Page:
After the cars of this opening act the action switches to a train when Thornhill makes his get away from New York after being wrongly identified as the murderer of a United Nations dignitary. The train itself is a wonderful reminder of the grace and style that defined the 1950’s and 1960’s. A restaurant car that served real meals, beautiful sleeper cabins and uniformed crew. It’s absolutely gorgeous. It’s here that we meet Eve Kendall played by Eva Marie Saint. She is the obligatory Hitchcock blonde but, here, she is something more than just eye candy or a girl in need of being rescued (although she is both of those things too), she is independent, intelligent, sexually liberated and brave. Thornhill falls for her charms within seconds of meeting her and seems to forget that he is a man on the run from the police when the prospect of a night in a cramped cabin appears to be on the cards (another classic Hitchcock theme is that of confined spaces; bathrooms and bedrooms particularly) and even manages to ignore the fact that the numbers of her cabin add up to thirteen…a sure sign of impending doom.
What Thornhill doesn’t know is that Eve is in the employ of Vandamm and she sends him on a fools errand to meet the man he has been mistaken for when in actuality he is being sent to his death. Rather than simply have Eve kill Thornhill and claim self-defence Hitchcock instead delivers one of the most iconic scenes in all of cinema history. Roger makes his way to Prairie Road to await the enigmatic Kaplan. As he waits on this lonely, dusty road he is chased and attacked by a crop duster ‘plane. It’s a magnificent scene as the dapper Thornhill flings himself into the dusty road in an attempt to avoid the hail of bullets firing from the ‘plane and even taking refuge in a field of corn. Eventually the crop duster fails in spectacular fashion and Roger is able to make his way to where he believes Kaplan may be.
When Thornhill next encounters Eve he has worked out that she is in cahoots with Vandamm and he uses their meeting to find out where he is going to be…an auction room where he is attempting to purchase a statue, which is being used to secret microfilm out of the USA and into the hands of a foreign enemy. To avoid being killed by the same two goons who first kidnapped him Thornhill stages an elaborate game in order to have the police called to the auction rooms. This scene calls to mind an earlier Hitchcock film, “The 39 Steps” and, for many “North by Northwest” is simply a reboot of that film. When the police do arrive they do not take him to the nearest police station as he had hoped but, instead, deliver him into the hands of the Professor…a CIA agent who explains exactly what is going on, including revealing the fact that Eve is indeed a CIA operative working undercover to expose Vandamm.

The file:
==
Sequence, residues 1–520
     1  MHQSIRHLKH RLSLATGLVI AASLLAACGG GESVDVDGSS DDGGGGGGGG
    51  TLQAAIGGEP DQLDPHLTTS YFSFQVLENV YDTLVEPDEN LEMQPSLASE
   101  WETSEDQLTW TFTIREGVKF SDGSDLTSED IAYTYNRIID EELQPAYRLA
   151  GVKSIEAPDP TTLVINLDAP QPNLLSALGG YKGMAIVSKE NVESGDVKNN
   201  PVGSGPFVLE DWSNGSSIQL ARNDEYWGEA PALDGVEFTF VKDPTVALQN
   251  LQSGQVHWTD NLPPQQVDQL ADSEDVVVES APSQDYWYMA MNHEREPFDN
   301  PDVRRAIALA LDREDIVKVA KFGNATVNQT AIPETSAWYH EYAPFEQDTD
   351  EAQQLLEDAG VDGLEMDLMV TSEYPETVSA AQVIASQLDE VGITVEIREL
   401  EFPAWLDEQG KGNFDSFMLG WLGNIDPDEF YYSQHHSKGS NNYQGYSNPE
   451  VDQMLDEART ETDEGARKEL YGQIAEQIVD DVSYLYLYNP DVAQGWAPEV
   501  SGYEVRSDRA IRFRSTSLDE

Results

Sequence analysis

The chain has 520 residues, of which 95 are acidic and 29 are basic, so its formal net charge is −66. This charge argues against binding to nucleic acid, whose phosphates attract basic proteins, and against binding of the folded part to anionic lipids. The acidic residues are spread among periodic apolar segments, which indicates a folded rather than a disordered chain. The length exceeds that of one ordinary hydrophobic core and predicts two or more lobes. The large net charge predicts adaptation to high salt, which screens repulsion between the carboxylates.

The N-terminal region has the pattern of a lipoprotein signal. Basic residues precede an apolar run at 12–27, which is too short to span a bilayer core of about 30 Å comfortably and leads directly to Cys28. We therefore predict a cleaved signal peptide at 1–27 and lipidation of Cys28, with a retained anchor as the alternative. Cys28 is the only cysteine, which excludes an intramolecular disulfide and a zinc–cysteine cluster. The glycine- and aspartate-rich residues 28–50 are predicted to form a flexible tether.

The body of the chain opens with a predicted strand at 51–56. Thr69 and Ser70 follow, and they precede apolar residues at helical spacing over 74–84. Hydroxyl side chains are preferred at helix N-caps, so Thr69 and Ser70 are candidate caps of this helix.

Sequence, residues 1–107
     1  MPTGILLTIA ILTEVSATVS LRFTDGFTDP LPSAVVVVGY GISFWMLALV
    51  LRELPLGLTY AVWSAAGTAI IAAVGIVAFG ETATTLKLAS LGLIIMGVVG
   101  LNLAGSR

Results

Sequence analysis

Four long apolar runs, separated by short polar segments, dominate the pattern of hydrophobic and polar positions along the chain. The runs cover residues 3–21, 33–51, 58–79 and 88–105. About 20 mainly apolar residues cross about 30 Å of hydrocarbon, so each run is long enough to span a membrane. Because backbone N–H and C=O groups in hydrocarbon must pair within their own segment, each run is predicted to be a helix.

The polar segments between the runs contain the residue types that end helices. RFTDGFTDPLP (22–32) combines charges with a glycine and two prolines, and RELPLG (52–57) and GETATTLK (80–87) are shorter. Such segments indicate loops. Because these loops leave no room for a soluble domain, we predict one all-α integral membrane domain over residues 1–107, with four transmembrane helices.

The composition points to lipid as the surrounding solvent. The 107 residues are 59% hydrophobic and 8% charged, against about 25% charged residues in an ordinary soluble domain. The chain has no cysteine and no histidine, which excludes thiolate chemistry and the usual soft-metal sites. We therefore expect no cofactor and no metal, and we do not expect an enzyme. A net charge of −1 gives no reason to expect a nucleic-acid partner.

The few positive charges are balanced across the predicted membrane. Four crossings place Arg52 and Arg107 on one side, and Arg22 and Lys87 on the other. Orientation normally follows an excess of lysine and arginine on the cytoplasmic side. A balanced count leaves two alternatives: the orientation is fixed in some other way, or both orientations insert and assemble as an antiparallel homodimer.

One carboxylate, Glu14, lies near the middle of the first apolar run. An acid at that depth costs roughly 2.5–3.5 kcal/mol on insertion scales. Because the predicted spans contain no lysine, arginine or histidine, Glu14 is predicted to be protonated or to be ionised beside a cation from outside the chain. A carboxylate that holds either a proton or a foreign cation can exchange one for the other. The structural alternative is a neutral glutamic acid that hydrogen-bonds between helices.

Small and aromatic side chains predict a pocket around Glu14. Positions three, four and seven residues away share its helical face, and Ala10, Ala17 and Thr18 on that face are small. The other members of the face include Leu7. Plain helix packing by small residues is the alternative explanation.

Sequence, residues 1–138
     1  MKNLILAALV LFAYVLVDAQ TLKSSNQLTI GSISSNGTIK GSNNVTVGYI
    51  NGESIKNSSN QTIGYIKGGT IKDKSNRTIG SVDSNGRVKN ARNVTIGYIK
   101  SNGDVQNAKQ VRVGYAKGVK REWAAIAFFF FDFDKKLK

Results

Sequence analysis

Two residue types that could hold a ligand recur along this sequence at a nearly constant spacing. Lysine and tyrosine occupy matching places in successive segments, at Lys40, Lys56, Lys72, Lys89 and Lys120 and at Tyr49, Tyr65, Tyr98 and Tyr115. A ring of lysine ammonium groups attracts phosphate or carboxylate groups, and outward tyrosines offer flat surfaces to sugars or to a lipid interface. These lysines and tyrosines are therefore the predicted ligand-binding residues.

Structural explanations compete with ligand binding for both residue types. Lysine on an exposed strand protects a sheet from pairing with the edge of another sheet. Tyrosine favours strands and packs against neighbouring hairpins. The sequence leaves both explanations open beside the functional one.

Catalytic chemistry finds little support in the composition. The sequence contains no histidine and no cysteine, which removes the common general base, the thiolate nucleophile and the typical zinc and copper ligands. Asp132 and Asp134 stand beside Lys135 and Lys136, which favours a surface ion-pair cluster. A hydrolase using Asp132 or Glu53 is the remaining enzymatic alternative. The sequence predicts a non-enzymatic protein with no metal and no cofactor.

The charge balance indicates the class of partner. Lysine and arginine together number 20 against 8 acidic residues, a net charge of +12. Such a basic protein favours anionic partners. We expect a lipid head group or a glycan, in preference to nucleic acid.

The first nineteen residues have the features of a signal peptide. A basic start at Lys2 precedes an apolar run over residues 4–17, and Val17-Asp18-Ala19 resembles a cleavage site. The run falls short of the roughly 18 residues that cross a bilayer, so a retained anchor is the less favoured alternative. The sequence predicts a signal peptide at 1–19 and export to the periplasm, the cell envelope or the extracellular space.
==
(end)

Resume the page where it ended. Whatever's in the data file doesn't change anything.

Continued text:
Out of a love of his country and a desire to free the woman he has fallen in love with Thornhill agrees to an elaborate ruse designed to help Vandamm cast aside any suspicions he may have about Eve. This concludes with Eve shooting Roger in a very public place, a cafe near Mount Rushmore, before she flees the scene leaving Vandamm convinced of her loyalty. Of course she has used blank bullets and Roger is alive and well. What he doesn’t know is that Eve is not going to be set free from her strange captivity but is instead being returned to Vandamm to continue her reports on his activities.
All of this leads us to one of the most thrilling endings to a film of all time as Roger rushes to the home of Vandamm to rescue Eve. There he learns that Leonard has worked out that she has used blanks in her gun and Vandamm agrees to “deal” with her by throwing her from the ‘plane that is winging its way to his home at the top of Rushmore to take them out of the country. Roger and Eve are pursued across the faces of the Washington, Jefferson, Roosevelt and Lincoln by Leonard and others in the Vandamm army (which sounds like a Danny Dyer film in its own right) before ultimately triumphing. It’s another classic Hitchcock moment, using public spaces and famous monuments to stage important moments in his films. Here though he outdid himself and gave audiences of the time something they could never have imagined.
Innocent man wrongly accused of a crime? Check.
Grand set pieces in famous locations? Double check (not only is there the Rushmore scene but the murder of the UN official takes place inside the UN building).
Repressed sexuality? Check (Vandamm even accuses Leonard of being jealous of Eve).
The number 13? Check (both rooms where Eve is staying have numbers that add up to 13).
The blonde? Check.
There are other recurring Hitchcockian motifs that appear in “North by Northwest” too but it would take another 2000 words to go through them all.
Hitchcock obsessives will make very compelling arguments for the likes of “Vertigo”, “Psycho”, “The Birds”, “Notorious” and “Strangers on a Train” (as well as several others) being his best films. Most of them would include “North by Northwest” in those discussions but they may well feel that it isn’t as worthy a film as the others but it’s my favourite. It’s funny, sexy, exciting, thrilling and gorgeous to look at. Such is the brilliance of Hitchcock though that by the time I’ve hit the publish button on this article I will have changed my mind and settled on another as my favourite.